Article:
Where’s your power?

Infographic depicting sources of powerPower.

It’s a tricksy concept, isn’t it?

Kind of uncomfortable for a lot of people.

As a leader, you have power.

You might be a new manager with just one person reporting to you.

You have power.

Actually, you have power even if no one reports to you.

We all have power.

It’s how we use it that matters.

Or how we don’t use it.

And those statements cut in two directions.

How we use it.

Power is a tool.

Just as a hammer can be used to build something beautiful, or can be used to hurt or even kill someone, so too power can be used for good or ill.

Power can manipulate, inflict itself on others, create division, intimidate, diminish, hold back – all manner of things that hurt people.

Power can also guide, strengthen, teach, lead, support, develop – all manner of things that help people.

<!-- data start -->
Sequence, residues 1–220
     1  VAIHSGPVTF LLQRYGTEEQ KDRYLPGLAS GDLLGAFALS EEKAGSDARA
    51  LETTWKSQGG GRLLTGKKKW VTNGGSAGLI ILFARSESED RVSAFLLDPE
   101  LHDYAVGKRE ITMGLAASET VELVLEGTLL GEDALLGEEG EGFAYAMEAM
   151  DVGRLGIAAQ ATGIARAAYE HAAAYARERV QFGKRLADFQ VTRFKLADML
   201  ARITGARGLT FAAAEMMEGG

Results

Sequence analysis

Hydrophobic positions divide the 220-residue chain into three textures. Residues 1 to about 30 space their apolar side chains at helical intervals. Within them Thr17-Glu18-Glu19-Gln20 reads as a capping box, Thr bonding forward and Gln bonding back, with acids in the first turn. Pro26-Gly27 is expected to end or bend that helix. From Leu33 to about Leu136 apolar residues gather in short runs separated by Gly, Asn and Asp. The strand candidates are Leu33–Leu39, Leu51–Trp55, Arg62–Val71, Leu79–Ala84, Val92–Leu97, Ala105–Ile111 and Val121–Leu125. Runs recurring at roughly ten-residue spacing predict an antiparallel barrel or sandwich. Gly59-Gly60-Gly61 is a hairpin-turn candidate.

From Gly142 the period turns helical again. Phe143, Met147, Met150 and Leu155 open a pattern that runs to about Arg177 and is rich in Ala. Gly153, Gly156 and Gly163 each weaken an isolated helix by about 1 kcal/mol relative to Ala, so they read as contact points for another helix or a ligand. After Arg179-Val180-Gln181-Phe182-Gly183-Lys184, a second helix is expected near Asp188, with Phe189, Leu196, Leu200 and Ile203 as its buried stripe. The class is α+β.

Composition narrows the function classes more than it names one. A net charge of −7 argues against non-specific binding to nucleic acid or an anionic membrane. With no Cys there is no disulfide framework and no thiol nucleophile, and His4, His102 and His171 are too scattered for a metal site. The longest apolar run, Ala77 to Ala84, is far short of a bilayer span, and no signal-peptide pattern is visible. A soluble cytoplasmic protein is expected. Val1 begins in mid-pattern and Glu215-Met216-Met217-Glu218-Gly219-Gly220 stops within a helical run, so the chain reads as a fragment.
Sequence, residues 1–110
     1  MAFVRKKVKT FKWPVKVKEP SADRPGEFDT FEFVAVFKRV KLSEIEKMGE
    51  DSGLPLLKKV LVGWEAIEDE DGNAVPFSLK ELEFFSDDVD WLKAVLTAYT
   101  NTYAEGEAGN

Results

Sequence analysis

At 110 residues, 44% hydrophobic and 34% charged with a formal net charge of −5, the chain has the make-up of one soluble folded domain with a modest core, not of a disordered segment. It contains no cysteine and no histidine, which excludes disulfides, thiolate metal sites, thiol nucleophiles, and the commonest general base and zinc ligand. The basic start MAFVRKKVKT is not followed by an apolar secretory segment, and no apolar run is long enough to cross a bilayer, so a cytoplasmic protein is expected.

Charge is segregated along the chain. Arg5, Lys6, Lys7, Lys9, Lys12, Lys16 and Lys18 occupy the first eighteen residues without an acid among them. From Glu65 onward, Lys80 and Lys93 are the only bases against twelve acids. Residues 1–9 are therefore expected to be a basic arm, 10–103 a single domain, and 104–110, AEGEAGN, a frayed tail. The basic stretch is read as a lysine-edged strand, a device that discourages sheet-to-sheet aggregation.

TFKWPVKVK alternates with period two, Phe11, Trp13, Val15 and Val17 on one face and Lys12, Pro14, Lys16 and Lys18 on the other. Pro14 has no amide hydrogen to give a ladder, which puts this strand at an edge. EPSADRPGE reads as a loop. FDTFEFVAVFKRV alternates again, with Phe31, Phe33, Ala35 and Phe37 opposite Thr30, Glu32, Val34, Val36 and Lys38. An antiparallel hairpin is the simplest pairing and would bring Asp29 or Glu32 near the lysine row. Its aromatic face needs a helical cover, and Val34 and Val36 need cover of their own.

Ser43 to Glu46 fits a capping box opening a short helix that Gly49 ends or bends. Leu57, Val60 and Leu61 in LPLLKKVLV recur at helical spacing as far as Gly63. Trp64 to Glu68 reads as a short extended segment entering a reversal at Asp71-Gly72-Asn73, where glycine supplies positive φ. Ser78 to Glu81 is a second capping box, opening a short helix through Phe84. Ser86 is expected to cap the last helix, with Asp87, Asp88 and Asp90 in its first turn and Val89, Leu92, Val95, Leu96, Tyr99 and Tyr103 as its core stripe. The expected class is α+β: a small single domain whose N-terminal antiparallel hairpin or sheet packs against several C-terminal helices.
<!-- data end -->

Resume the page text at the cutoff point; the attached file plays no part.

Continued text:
How we don’t use it.

I was recently horrified by a friend’s description of an event where – yes, I’m going there – masculine power over a woman’s appearance was blatantly and despicably demonstrated.

There was no physical violence. Power doesn’t require physical violence; anyone who’s been hurt emotionally, intellectually, or professionally by someone’s inappropriate use of power knows that.

But I’m not telling this story to demonstrate that some people use their power in awful ways – I covered that in the previous section.

No. My point here is that the woman in this story did not use her power. Instead of objecting, she acquiesced. And the people around her didn’t act either; they too abdicated their power.

We’ve all seen, or been involved in, situations where someone (us?) didn’t use their power when they could – perhaps should – have done so.

And we can all think of times when we used our power to exploit, manipulate, or belittle someone else, even if only in minor ways. (Though is any mis-use of power minor? I’m not sure…)

Power is tricky.

As human beings – whether we lead none, one, or thousands – we owe it to the people over whom we have power to be conscious and intentional of how we wield that power.

And don’t fool yourself into believing you have no power.

You do.

Use it wisely.